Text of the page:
Everything feels new. We are constantly experimenting and feeling our way with new digital media and stimuli, to see what works and what doesn’t. These days, clients and agencies alike are best served to adopt a beginners mind. “In the beginner’s mind there are many possibilities, but in the expert’s there are few,” said Shunryu Suzuki.
That said, some old principles still hold true. I was reminded of this recently while reviewing the results of an SEM campaign with our team and client. We had set some pretty ambitious goals for this campaign and, at the end of the day, the conversions were just not there.
This learning moment called to mind the classic consumer “decision making” model I learned in business school decades ago, long before we talked about lead nurturing and “journeys.” The expert view was that consumers follow a linear path: recognition of a need > a search for information > consideration of alternatives > decision > reevaluation of decision.
While technology has certainly made search and consideration faster, easier, and more robust, I do believe the steps in this process still generally apply. In our exuberance over measurement and attribution, we must always remember that the numbers represent people behaviors. Paid search primarily leads to consideration, not always an immediate decision or purchase, especially in high-involvement, high-cost product categories.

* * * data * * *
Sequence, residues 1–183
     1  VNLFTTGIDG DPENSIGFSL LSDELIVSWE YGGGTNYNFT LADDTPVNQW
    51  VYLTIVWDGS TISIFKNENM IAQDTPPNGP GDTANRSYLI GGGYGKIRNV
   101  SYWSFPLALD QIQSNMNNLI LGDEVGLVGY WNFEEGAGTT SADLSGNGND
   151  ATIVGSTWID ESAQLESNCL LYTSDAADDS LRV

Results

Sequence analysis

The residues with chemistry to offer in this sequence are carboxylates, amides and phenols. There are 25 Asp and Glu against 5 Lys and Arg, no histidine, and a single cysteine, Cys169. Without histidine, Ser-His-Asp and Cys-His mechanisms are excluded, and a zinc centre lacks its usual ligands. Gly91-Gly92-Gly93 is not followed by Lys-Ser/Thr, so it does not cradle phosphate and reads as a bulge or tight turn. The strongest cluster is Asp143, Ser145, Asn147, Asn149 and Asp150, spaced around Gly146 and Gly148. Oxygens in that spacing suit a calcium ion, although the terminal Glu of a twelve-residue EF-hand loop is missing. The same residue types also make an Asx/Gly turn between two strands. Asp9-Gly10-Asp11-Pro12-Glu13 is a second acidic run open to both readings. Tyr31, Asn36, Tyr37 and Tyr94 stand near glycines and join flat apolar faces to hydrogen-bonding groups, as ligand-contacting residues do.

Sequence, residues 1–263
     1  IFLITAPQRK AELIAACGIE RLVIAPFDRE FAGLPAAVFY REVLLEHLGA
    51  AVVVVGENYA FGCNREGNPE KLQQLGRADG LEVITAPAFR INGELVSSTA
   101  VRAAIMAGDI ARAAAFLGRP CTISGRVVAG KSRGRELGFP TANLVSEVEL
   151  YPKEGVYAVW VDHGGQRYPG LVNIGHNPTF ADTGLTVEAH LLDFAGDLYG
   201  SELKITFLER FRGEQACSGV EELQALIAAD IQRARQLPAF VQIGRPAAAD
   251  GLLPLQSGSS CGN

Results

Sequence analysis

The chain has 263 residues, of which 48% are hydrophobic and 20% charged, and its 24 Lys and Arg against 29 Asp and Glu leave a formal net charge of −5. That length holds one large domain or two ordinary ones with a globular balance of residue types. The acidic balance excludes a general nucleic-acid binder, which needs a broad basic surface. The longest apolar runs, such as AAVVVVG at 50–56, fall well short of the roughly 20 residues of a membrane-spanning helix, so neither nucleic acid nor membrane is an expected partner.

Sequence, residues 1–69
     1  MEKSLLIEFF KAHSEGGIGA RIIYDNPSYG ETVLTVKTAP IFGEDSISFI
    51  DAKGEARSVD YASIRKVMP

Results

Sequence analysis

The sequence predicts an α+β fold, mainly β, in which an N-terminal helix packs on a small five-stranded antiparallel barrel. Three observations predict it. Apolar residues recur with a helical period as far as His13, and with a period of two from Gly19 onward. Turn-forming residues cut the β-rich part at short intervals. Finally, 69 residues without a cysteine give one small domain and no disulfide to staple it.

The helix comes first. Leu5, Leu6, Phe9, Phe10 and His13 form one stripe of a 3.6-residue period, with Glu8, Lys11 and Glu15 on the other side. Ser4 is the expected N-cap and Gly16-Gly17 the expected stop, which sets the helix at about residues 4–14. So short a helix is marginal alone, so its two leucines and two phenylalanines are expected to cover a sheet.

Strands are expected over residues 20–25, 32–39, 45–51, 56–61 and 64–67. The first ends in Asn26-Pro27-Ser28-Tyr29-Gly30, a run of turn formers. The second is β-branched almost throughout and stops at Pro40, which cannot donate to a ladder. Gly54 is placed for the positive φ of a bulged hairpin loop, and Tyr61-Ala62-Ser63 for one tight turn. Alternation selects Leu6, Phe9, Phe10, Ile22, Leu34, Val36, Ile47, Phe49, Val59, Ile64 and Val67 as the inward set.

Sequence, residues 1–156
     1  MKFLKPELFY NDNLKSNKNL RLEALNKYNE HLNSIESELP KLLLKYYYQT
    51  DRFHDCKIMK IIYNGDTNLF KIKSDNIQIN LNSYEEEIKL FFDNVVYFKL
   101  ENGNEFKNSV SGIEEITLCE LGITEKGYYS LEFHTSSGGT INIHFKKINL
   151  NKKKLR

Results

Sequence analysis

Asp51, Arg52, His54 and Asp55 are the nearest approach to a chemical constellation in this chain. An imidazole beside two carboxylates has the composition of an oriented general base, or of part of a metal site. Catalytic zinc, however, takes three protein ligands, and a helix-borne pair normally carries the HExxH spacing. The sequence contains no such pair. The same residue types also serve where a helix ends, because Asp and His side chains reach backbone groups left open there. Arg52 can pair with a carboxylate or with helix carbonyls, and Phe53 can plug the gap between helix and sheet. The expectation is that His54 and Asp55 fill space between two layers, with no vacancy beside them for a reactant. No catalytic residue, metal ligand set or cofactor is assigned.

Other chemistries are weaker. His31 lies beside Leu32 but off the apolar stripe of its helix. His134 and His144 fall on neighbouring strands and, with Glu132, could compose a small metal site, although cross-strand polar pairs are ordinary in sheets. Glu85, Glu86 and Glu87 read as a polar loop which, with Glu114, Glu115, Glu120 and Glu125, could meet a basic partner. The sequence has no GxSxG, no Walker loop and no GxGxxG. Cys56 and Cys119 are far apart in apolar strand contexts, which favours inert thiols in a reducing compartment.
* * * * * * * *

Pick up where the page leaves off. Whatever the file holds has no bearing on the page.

As we think of our campaigns, therefore, we must always consider the underlying behavioral science of what we propose. We must ask ourselves, “What can our specific digital media tactics realistically achieve?” and we should set our conversion goals accordingly. Sometimes adhering to some old principles helps us learn something new.
Jim Pontarelli is RDW’s President and lead researcher and planner. Over the years, he’s worked on numerous Fortune 100 brands. Endlessly curious about how people think and behave, he recently became a licensed clinical social worker and trained group therapist.